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Thursday, 5 December 1985


Dear Brothers and Sisters,

1. There is one centre around which the human family can be united Jesus Christ. That is the will and plan of God. Jesus said: “And I, when I am lifted up from the earth, will draw all men to myself” (Io. 12, 32). He died “to gather into one the children of God who are scattered abroad” (Ibid. 11, 52). His Church is “the sacrament or instrument and sign of intimate union with God and of the unity of the whole human race” (Lumen Gentium, 1). She is truly the beginning of the incorporation of all humanity into Jesus Christ as the one Lord. “In him all the fullness of God was pleased to dwell, and through him to reconcile to himself all things, whether on earth or in heaven, making peace by the blood of his Cross” (Col. 1, 19-20).

Divisions among Christians are contrary to the plan of God. “There is one God, and there is one mediator between God and men, the man Christ Jesus” (1 Tim. 2, 5), in whom God wishes to reconcile all things to himself. Those who are the bearers of his mission must themselves be reconciled; they must show forth his unifying love in action; they must live in that communion which is towards the Father through the Son in the Holy Spirit, and they must manifest this in a united community which witnesses to the reconciling work of God.

The Second Vatican Council threw new light on this imperative and the present Synod has reaffirmed it. So it was important that in these days, in company with our friends the delegated Observers from the other Churches and Christian World Communions, we should spend some time in prayer for the unity of Christians.

2. The restoration of unity must be above all a restoration of the inner dimension of the Christian life - a wholehearted personal commitment to Jesus Christ which makes intolerable any separation among those who share that commitment. Any faltering in the movement towards unity since the impetus of the Second Vatican Council is partly due to the fact that we have not attended enough to this interior dimension. We must not take it for granted. The most basic form of work for the unity of Christians is sustained and persevering prayer, which itself calls forth collaboration and dialogue. It is because individuals and communities in the Catholic Church gave themselves to such prayer that the Church was able in the Second Vatican Council to assume with special vigour her ecumenical responsibility. A change of heart, interior conversion, renewal of the Church - which were among the central objectives of the Council (Cfr. Unitatis Redintegratio, 6-7) - are essential to the ecumenical movement and its growth.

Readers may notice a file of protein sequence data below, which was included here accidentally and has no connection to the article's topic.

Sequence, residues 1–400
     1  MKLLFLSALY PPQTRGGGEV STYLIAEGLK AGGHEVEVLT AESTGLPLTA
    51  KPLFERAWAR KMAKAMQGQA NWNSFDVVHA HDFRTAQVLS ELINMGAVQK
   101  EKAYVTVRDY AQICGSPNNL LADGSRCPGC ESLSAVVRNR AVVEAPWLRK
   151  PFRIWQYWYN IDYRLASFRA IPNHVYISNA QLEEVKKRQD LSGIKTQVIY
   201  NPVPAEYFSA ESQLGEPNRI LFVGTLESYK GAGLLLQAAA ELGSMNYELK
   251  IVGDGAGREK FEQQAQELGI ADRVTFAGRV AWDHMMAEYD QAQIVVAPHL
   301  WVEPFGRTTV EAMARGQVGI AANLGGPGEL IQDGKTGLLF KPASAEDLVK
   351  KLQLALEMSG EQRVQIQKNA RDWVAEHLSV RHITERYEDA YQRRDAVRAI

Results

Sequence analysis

3. As we gather here this afternoon, let us ask the Lord who ended all enmities by his Cross and who broke down all walls of separation to look with compassion on the agonies of our world. By the power of his Holy Spirit, may he make us instruments of his peace and reconciliation. Let us pray that God will touch the Catholic Church with the power of his renewing grace on the occasion of the Synod, and that he may equally renew and encourage in the search for unity those Churches and Christian World Communions represented here by their Observers, and all other Christian communities. Let us thank him for what he has done for them as well as for the Catholic Church through the Second Vatican Council. Together we ask that for all of us this Synod may be a point of revival of the will for unity, a deepening of our purpose to go ahead, a resolution to continue in theological dialogue, in greater efforts of collaboration and common witness and in unfailing prayer.

May he who has begun this good work in us “bring it to completion at the day of Jesus Christ” (Phil. 1, 6).


© Copyright 1985 - Libreria Editrice Vaticana

Copyright © Dicastero per la Comunicazione - Libreria Editrice Vaticana